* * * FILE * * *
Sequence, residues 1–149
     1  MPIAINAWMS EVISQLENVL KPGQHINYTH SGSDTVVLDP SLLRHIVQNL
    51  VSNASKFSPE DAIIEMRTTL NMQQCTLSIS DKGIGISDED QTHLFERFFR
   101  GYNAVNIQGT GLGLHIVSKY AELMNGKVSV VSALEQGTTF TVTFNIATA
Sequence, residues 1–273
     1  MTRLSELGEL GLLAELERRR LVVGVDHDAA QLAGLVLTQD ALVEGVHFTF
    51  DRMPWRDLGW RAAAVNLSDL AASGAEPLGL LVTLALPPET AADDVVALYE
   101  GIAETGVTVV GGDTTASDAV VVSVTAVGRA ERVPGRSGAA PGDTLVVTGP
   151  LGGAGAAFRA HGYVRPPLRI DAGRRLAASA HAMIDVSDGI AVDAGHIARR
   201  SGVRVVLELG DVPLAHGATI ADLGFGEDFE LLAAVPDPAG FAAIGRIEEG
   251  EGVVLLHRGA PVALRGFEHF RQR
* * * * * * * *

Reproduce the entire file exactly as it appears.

Sequence, residues 1–149
     1  MPIAINAWMS EVISQLENVL KPGQHINYTH SGSDTVVLDP SLLRHIVQNL
    51  VSNASKFSPE DAIIEMRTTL NMQQCTLSIS DKGIGISDED QTHLFERFFR
   101  GYNAVNIQGT GLGLHIVSKY AELMNGKVSV VSALEQGTTF TVTFNIATA
Sequence, residues 1–273
     1  MTRLSELGEL GLLAELERRR LVVGVDHDAA QLAGLVLTQD ALVEGVHFTF
    51  DRMPWRDLGW RAAAVNLSDL AASGAEPLGL LVTLALPPET AADDVVALYE
   101  GIAETGVTVV GGDTTASDAV VVSVTAVGRA ERVPGRSGAA PGDTLVVTGP
   151  LGGAGAAFRA HGYVRPPLRI DAGRRLAASA HAMIDVSDGI AVDAGHIARR
   201  SGVRVVLELG DVPLAHGATI ADLGFGEDFE LLAAVPDPAG FAAIGRIEEG
   251  EGVVLLHRGA PVALRGFEHF RQR